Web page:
A note to other Christophers -- this email address is MINE!

For the past few years, I've sporadically received email destined for other Christopher Woods around the globe. I have the GMail address christopherwoods@gmail.com (which incorporates all variants like christopher.woods@gmail.com... In fact, any permutation with any number of full stops in the name; see this article for why that works and can be quite useful). If you don't want your important email correspondence to disappear into the black hole of somebody else's inbox, make sure you have your recipient's email address spelt correctly!

Examples of what I've received in the past twelve months:

  • Criminal Records Checks for slightly dubious looking individuals
  • Correspondence for University Campus groups
  • Australian pre-pay mobile telephone account details (including personal details and telephone numbers)
  • Canadian mobile telephone account details (including personal information and telephone numbers)
  • Birthday greetings, sadly not on the correct day
  • Microsoft XBox Live activation emails
  • Microsoft Windows Live activation emails (immediately cancelled)
  • Pictage emails for someone's wedding
  • Science Center of Iowa mailshots
  • Someone's Foursquare account emails
  • Tuxedo hire information
  • Various invoices for purchases, including some antique furniture
  • Pharmaceutical company meeting detail emails

... Plus loads of things like home addresses, relatives' names,  telephone numbers etc. I email back to the people where I can to advise them of incorrect details, but I can't believe so many people can make such a fundamental mistake as to get their own email address wrong if that is not one of the reasons to hire a divorce lawyer! Anyway...

Monday rant over...

Why blocking Newzbin2 won't make the blindest bit of difference

[Update, 5th of April 2011: Oh look, the Business Secretary Vince Cable went on record saying that the Government would stop blocking web sites using the SI of the Digital Economy Act. Heh. (Newzbin2 was blocked via legal methods offered through the Copyrights, Designs and Patents Act - making that entire equivalent section of the DEA redundant, and also upon further scrutiny, extremely poorly worded. You can also read Justice Arnold's ruling.)]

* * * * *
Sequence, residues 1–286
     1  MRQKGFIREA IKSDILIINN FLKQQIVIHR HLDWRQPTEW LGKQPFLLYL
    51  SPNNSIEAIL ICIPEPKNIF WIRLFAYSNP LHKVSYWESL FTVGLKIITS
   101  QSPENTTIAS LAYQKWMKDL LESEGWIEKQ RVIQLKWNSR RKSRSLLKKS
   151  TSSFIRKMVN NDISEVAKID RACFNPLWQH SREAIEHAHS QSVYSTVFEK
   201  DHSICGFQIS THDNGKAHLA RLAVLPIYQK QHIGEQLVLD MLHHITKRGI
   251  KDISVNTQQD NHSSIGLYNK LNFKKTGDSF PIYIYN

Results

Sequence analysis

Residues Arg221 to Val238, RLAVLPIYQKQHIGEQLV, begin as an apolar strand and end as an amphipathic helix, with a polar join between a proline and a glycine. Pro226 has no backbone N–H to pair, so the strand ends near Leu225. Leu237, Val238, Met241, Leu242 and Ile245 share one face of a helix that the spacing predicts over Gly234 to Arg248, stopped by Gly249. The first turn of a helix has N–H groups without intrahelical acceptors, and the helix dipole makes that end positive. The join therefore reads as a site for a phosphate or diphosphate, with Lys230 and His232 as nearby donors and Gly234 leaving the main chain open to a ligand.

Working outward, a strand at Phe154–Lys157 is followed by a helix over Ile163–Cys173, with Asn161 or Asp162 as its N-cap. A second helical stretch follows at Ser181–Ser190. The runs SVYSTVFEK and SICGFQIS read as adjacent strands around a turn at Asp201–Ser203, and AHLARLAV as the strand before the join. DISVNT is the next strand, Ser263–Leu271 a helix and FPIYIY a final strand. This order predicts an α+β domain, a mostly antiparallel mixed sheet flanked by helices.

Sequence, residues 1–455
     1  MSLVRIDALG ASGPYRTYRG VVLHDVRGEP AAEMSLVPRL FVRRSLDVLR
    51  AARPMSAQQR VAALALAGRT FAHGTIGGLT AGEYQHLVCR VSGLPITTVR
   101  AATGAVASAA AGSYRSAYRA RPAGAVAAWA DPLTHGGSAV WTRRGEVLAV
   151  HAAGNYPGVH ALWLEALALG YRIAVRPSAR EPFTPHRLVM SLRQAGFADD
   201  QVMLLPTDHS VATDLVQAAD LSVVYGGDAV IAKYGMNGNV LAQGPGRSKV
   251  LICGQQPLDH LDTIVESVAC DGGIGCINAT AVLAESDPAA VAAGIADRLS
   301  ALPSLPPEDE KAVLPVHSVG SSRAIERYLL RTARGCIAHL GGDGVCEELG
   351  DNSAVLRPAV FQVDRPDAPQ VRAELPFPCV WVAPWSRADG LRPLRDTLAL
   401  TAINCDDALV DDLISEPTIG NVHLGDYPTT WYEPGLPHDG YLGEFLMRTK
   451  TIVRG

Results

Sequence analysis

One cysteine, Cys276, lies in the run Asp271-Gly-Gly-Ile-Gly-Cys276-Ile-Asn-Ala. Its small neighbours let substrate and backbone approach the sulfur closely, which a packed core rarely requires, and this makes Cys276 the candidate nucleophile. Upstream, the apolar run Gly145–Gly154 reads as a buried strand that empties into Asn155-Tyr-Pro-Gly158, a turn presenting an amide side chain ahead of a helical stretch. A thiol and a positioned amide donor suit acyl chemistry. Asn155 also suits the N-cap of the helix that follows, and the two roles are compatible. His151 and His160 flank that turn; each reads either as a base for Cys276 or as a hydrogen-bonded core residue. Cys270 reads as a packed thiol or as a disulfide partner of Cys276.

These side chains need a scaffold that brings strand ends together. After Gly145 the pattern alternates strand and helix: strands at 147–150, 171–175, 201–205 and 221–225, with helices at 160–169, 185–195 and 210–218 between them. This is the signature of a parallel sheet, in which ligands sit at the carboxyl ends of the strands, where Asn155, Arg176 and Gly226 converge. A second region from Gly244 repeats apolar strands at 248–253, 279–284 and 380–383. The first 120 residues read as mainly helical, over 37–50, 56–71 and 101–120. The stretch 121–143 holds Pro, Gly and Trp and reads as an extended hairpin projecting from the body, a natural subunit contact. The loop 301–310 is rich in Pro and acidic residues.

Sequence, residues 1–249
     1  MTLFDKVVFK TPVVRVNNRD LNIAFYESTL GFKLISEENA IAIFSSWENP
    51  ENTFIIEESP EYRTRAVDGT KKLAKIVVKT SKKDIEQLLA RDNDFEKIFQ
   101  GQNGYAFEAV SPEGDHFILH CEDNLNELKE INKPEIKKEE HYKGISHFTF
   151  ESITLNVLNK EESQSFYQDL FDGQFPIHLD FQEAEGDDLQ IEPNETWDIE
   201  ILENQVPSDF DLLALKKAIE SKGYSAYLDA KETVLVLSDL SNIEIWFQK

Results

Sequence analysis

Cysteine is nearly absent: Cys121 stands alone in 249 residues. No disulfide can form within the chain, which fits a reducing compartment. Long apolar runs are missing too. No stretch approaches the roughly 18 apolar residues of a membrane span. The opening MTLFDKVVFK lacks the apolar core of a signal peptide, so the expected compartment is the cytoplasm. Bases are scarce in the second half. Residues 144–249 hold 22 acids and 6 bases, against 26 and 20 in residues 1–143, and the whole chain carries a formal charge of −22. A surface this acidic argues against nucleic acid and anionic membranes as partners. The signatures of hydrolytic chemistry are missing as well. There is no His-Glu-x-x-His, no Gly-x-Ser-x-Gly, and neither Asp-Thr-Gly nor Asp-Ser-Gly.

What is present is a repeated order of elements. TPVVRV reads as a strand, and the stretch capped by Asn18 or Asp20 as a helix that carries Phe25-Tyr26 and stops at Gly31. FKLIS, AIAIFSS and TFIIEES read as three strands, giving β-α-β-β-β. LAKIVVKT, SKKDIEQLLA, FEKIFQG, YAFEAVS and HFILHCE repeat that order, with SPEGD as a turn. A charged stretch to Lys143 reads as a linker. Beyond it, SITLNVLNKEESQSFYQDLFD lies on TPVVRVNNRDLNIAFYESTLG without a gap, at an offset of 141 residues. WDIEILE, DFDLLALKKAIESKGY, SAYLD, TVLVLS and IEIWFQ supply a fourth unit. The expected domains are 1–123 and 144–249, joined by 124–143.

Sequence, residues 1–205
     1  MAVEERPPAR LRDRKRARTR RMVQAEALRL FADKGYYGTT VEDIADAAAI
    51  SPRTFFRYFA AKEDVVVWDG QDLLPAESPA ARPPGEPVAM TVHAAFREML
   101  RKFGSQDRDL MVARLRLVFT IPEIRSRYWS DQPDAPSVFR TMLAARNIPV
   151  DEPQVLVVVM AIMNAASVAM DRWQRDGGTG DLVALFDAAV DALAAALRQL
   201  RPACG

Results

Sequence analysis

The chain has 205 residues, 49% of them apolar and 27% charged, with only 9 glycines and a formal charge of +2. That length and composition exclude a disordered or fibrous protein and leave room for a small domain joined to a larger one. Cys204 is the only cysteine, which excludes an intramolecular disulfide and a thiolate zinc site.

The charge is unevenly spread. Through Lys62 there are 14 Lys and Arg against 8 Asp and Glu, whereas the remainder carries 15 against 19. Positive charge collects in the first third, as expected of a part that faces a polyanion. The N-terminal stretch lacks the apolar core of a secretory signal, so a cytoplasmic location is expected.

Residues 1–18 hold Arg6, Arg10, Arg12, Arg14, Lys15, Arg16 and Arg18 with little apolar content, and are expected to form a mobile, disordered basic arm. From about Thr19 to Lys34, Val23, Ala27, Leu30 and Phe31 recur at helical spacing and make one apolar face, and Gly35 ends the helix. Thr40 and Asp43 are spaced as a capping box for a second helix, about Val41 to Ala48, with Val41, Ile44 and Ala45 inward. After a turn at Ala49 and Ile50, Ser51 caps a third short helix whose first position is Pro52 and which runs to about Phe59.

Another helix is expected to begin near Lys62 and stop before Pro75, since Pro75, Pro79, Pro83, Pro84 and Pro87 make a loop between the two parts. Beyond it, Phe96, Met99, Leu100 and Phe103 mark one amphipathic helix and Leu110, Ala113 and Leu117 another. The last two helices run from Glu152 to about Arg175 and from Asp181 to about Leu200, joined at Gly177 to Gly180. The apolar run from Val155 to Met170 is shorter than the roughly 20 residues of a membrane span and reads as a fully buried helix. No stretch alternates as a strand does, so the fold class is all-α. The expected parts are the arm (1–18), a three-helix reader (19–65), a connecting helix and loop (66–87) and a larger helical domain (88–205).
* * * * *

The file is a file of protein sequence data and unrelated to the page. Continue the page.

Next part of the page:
A friend emailed me a link to a BBC article [1]"BT ordered to block links to Newzbin 2 web site", BBC News, July 28 2011 discussing the 'landmark' judgment handed down by an (out of his depth?) judge regarding the enforced blocking by BT of Newzbin2 to stop its customers from accessing copyrighted materials in a piratey manner.

Everyone's dancing around the topic. (I do not advocate piracy as a means to solve the current problems the creative industries face, but I haven't paid for every single song I've ever listened to.) However the older I get, the more I understand about the importance of paying your dues - and understanding the value of a piece of music or film, and understanding why it's right to pay a fair price for it. I have, quite literally, spent thousands of pounds on my music collection, with a heavy investment into vinyl along with many CDs and even a few C90s 😉 Regrettably I believe this judgment could have serious ramifications for not only the future of entertainment industries but personal rights and freedoms. My email back to my friend turned into somewhat of a long one... And here it is reproduced for your enjoyment.

Read my reply!